North Ronaldsay - most northerly of Orkney's islands.
Fly to North Ronaldsay with the 'Flying Landrover' - it's what they call the wee plane that takes you to this most northerly (and eccentric?) Orkney island, famed for its seaweed-eating sheep. Make it a day trip or stay at the Bird Observatory.
We flew to North Ronaldsay by the ‘Flying Landrover’ – the nickname for the Islander aircraft that links the Orkney island of North Ronaldsay with Kirkwall, the Orkney ‘capital’. It has, oh, eight seats, or nine if you get to sit next to the pilot. There are no in-flight movies offered.
I’d never flown in such a small plane on a scheduled flight. I couldn’t help but notice as I climbed into the thing that one of the tyres on the landing gear looked soft. But what do I know?
Anyway, 18 minutes after we took off from Kirkwall we hit the gravel of the North Ronaldsay strip, the plane veered right, then pilot corrected and all was well.
Later we heard it had suffered a puncture – and one that I’ve dined out on ever since. Hey, intrepid adventurer, or what? (Pictured here) Britten-Norman Islander aircraft on the airstrip, North Ronaldsay.
North Ronaldsay is the most northerly island of the Orkney archipelago.
We spent a wonderful, warm, still day wandering around, trying hard not to look like serious birders. This was difficult as my travelling companion was carrying a tripod and a telescope. Heck, maybe we were serious birders?
North Ronaldsay and those famous sheep
I’ve tried to record this island honestly, though the temptation, as the sun was shining, is to photograph it as a pastoral idyll – but then, I blame the sheep for that. Ah, yes, the North Ronaldsay sheep – the little sheep that trace their heritage via the Vikings back to Neolithic domesticity.
I have tried to keep them out of the first couple of pics on this page, but I don't think they are going to be away for long...
Pictured here: Linklet Bay and the lighthouse - while in the other direction, the wall that encloses the interior of the island and keeps the sheep close to or on the shore. Oh, and the golf course is here as well.
In fact, the sheep give the island its special ambience, or smell, in this case. These woolly beasts are genetically disposed to munch seaweed. They are kept on the shore by a dyke (a wall) that is itself a protected monument and stretches for 13 miles / 21km all around.
It creeps a bit inland at the delectable Linklet Bay, where the sheep nibble the sward and make it as flat as a golf course green. We later discovered that, in fact, it actually was a golf course green, though we didn’t see any holes as such. But then, this island does its own thing.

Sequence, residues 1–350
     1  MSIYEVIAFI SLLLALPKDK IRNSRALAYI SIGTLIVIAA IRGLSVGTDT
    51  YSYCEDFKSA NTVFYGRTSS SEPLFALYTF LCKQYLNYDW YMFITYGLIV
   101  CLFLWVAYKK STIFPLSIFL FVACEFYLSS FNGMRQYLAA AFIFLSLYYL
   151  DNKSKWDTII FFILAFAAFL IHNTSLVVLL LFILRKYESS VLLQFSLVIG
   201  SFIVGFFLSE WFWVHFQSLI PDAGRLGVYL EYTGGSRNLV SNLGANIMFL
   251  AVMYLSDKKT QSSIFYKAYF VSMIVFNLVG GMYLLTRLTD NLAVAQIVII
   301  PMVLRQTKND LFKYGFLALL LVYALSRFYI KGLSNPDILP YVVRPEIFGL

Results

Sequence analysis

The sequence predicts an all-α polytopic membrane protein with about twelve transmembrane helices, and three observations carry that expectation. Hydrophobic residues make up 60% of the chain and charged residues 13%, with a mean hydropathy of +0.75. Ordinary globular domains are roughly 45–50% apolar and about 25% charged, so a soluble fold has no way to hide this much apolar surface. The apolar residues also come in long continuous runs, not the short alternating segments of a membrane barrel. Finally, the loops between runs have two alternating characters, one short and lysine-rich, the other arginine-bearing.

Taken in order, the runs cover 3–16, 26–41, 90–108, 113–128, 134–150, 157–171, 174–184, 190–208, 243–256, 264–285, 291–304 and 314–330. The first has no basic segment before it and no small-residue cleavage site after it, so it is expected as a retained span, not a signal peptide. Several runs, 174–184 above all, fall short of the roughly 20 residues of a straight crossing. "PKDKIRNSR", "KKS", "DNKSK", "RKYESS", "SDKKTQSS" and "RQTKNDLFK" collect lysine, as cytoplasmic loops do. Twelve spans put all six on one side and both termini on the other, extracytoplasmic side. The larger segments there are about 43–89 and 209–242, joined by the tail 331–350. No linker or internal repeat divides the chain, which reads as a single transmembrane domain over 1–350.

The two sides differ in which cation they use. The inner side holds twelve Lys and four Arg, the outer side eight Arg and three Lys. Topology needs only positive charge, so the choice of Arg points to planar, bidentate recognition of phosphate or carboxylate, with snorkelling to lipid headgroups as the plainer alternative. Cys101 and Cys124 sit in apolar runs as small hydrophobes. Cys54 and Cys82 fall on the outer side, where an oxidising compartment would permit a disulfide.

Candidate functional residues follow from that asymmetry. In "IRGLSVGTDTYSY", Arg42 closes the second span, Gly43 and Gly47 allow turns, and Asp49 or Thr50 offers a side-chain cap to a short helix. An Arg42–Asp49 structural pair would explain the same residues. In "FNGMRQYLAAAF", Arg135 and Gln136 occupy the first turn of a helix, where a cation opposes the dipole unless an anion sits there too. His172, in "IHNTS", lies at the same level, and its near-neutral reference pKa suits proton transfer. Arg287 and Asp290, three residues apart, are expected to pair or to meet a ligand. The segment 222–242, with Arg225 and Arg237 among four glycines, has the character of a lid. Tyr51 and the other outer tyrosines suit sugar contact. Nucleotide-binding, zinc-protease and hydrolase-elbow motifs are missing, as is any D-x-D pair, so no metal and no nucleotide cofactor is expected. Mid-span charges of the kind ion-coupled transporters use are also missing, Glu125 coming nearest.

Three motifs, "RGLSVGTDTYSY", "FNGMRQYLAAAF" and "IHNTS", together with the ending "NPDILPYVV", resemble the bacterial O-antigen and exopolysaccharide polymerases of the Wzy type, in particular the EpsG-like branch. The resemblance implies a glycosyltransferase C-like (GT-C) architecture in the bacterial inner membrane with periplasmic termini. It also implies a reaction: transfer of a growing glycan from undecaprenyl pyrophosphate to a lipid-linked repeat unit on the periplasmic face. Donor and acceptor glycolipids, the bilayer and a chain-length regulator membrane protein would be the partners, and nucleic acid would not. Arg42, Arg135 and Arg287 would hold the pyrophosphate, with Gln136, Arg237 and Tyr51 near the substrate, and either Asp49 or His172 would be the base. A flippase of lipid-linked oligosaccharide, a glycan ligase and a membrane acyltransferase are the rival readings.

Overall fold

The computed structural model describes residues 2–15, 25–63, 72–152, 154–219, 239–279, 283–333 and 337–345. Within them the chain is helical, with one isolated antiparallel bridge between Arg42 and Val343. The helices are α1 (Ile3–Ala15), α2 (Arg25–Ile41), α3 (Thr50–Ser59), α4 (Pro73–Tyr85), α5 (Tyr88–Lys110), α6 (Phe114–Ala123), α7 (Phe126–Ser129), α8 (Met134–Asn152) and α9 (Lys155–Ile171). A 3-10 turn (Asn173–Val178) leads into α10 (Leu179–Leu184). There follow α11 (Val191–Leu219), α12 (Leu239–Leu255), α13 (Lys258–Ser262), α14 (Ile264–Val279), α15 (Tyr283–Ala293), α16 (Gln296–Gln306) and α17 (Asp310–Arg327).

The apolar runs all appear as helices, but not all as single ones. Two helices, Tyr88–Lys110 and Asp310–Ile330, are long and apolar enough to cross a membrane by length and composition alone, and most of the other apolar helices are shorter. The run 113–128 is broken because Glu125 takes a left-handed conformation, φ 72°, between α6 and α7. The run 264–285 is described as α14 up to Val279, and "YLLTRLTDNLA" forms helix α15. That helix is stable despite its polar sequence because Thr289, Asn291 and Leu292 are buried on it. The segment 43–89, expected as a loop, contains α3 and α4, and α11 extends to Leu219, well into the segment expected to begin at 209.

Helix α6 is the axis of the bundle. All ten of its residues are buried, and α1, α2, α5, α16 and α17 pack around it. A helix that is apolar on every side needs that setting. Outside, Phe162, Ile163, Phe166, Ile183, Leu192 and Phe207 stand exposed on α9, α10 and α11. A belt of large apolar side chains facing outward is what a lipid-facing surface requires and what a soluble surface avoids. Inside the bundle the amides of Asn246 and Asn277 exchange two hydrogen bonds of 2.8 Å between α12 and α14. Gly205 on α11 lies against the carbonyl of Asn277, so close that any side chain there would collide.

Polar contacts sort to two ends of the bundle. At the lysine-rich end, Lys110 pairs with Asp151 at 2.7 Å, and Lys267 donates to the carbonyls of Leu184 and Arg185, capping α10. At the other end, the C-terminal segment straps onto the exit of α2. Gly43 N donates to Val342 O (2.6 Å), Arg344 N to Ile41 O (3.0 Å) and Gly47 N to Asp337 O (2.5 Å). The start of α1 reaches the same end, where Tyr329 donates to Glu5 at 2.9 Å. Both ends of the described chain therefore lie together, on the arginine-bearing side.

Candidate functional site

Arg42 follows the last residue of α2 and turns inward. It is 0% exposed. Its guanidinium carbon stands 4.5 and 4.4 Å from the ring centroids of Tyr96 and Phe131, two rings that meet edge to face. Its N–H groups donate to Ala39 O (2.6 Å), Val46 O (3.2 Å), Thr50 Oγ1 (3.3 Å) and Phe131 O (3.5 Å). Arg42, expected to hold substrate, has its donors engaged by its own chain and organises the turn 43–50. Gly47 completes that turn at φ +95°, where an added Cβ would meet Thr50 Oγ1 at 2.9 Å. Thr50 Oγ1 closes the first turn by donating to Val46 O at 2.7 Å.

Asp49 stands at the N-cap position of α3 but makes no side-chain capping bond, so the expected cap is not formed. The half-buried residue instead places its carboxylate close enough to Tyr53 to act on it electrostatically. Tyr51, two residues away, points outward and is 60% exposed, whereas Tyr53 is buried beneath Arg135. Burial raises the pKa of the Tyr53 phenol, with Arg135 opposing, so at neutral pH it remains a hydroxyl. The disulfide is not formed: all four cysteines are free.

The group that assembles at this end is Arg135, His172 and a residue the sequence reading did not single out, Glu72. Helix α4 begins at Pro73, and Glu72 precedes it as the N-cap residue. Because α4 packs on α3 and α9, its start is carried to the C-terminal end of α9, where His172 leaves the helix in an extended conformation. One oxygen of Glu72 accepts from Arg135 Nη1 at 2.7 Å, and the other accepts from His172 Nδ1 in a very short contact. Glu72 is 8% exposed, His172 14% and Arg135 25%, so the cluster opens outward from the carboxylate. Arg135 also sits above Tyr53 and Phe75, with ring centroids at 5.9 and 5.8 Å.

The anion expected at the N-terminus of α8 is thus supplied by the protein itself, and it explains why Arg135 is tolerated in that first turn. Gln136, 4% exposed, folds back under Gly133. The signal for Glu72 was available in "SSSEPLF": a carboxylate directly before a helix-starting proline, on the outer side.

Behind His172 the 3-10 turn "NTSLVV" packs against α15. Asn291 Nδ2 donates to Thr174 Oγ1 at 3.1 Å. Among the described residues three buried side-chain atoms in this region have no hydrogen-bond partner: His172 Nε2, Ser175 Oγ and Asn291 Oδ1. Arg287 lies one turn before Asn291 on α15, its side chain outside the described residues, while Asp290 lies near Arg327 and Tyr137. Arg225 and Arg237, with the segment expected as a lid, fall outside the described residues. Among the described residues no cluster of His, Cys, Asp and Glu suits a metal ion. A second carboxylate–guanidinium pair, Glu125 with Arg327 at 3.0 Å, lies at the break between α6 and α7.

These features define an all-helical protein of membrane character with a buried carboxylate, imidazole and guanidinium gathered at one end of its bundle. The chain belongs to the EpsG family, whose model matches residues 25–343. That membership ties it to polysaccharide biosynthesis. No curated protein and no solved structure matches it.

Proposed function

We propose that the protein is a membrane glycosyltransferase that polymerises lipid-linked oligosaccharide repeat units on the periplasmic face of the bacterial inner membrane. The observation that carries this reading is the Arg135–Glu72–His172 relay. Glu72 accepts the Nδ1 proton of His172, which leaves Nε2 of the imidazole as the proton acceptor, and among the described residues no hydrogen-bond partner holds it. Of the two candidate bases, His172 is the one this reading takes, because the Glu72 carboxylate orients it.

(Pictured here) Today’s working North Ronaldsay lighthouse, 139ft (42m) tall. Somewhat inevitably, there are sheep in the picture too. You can't get past 'em.
By the way, between the lighthouse and the old fog-horn (white structure on the right hand side of pic) is a 'crue', 'planticrub' or 'planticruive'. What's that, you ask? Read on...
Historic lighthouses of North Ronaldsay
We headed off for the north end of the island, where there are two lighthouses, a very early one being restored as a historic structure – only the third ever built in Scotland by the Northern Lighthouse Commissioners back in 1789.
The other, dating from 1854, is the tallest land-based light in Scotland.
(Unless you really start looking at various web entries on lighthouse statistics, in which case you will become confused by Tarbat Ness at Portmhomack, which in some entries appears to be taller. Yes, I’m confused.)
Anyway, North Ronaldsay Lighthouse, the new one, was first lit in 1854 and received its double white paint band in 1889, in order for it to be identified more easily by day.
In the picture (possibly somewhere above, or maybe below or left - responsive websites, eh? Beats me...) you can see the tall lighthouse, the sheep and the wall (oh, and a planticruive just left of centre). North Ronaldsay in a nutshell really.
The silhouetted old lighthouse picture shows the scaffolding rather too well, as this historic structure was undergoing restoration on our visit.